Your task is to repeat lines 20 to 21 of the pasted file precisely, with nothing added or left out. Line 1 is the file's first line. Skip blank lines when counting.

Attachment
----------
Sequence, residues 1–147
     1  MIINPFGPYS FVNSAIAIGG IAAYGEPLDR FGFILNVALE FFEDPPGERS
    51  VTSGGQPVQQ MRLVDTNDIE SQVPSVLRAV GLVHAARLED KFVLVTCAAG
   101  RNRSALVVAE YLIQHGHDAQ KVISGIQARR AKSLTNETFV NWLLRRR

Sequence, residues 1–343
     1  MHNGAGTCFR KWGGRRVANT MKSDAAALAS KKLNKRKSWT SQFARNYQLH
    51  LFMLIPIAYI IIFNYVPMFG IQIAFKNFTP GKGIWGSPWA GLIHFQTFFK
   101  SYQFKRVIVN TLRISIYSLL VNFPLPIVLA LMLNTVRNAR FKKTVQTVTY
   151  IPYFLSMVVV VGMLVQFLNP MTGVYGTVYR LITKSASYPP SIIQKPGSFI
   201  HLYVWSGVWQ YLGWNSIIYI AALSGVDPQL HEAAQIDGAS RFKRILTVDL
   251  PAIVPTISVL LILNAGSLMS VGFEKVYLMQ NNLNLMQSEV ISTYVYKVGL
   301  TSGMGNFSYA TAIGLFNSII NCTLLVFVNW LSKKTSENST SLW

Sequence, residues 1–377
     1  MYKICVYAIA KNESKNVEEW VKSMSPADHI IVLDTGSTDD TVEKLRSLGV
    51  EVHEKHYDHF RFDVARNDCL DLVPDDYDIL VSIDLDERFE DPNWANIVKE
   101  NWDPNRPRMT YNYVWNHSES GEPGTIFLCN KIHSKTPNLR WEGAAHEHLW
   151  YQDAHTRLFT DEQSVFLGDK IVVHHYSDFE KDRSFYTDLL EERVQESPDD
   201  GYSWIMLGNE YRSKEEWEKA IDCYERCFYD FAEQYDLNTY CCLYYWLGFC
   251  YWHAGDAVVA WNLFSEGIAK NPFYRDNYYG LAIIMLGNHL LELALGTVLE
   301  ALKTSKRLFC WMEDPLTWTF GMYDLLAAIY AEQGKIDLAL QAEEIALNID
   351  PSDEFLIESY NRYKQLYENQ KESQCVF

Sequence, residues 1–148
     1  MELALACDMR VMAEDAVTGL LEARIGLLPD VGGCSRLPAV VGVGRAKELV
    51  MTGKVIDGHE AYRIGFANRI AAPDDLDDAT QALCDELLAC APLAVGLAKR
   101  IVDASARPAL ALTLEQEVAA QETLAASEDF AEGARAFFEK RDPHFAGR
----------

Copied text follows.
   301  ALKTSKRLFC WMEDPLTWTF GMYDLLAAIY AEQGKIDLAL QAEEIALNID
   351  PSDEFLIESY NRYKQLYENQ KESQCVF